17. 17. FINAL EVIDENTIAL EVALUATION PROCESSES <ul><li>Perform final analytical procedures. </li></ul><ul><li>Evaluate the entity's ability to continue as a going concern. </li></ul><ul><li>Obtain a management representation letter. </li></ul><ul><li>Review working papers. </li></ul><ul><li>Make final assessment of audit results. </li></ul><ul><li>Evaluate financial statement presentation and disclosure. </li></ul><ul><li>Obtain independent review of the engagement. </li></ul>
  18. 18. PERFORM FINAL ANALYTICAL PROCEDURES <ul><li>Conduct analytical procedures to assess the conclusions reached on the financial statement accounts. </li></ul><ul><li>Auditing standards require that analytical procedures be conducted as an overall review. </li></ul><ul><li>Generally involve review of account fluctuations to determine if audit evidence supports the changes. </li></ul>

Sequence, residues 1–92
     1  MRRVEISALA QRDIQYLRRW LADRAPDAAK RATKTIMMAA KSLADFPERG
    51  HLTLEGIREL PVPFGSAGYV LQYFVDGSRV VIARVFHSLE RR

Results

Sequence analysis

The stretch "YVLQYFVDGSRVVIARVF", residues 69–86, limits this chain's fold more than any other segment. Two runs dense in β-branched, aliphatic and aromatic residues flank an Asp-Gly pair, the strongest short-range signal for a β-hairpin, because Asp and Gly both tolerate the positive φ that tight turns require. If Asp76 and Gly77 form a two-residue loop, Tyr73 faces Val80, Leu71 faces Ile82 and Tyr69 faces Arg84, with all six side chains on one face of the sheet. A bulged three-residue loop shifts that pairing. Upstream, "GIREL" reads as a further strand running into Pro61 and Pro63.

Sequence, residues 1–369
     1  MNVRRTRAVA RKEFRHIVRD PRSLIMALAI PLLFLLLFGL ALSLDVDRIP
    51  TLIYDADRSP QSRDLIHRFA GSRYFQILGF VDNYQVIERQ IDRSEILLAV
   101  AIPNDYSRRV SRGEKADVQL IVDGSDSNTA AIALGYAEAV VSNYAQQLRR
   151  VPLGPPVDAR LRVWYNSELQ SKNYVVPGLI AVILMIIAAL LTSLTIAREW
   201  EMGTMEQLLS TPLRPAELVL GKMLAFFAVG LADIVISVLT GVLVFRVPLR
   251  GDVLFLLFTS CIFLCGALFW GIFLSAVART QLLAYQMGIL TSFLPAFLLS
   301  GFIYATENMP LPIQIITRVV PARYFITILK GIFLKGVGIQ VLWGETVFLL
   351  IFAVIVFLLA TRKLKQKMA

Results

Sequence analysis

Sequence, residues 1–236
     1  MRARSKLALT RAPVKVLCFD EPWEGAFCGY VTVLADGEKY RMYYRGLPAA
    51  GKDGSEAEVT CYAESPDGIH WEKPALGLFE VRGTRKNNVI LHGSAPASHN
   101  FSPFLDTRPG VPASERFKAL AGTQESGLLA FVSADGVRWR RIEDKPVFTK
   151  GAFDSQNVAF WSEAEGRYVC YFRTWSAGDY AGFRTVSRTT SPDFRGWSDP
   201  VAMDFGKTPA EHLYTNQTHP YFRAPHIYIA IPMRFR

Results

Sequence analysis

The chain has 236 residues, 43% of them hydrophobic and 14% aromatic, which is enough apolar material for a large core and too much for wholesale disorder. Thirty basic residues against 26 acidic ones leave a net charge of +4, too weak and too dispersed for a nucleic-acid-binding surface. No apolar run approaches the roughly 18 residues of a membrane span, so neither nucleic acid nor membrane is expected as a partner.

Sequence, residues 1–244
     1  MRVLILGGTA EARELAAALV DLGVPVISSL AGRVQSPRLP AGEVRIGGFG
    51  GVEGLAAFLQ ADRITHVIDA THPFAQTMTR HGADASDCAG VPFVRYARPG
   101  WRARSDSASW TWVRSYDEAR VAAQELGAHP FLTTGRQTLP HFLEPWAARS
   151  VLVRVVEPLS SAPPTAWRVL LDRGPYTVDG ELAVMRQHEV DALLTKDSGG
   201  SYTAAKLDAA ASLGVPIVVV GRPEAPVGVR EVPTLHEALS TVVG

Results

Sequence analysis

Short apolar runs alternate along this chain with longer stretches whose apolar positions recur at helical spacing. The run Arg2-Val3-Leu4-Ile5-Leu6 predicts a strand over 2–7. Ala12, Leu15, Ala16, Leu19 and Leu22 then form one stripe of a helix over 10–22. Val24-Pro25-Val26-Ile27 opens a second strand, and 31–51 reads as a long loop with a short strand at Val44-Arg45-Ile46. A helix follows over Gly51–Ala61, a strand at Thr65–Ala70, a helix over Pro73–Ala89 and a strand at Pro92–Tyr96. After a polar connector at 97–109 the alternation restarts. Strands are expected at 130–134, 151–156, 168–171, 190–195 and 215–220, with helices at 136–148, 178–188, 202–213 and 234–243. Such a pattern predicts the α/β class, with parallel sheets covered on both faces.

19. 19. EVALUATE GOING CONCERN Auditing standards state that the auditor has a responsibility to evaluate whether there is substantial doubt about the entity's ability to continue as a going concern for a reasonable period of time, not to exceed one year beyond the date of the financial statements being audited.
  20. 20. STEPS IN THE GOING CONCERN EVALUATION <ul><li>Step 1 : Consider if the results of all audit procedures performed during the audit indicate whether there is substantial doubt about the entity's ability to continue as a going concern for a reasonable period of time (one year) (Table 17-2 – Page 601). </li></ul><ul><li>Step 2 : If there is substantial doubt, the auditor should obtain information about management's plans to mitigate the going concern problem and assess the likelihood that such plans can be implemented. </li></ul>
  21. 21. STEPS IN THE GOING CONCERN EVALUATION <ul><li>Step 3 : If the auditor concludes, after evaluating management's plans, that the entity has a going concern problem, he or she should consider the adequacy of the disclosures about the entity's ability to continue and include an explanatory paragraph in the audit report. </li></ul>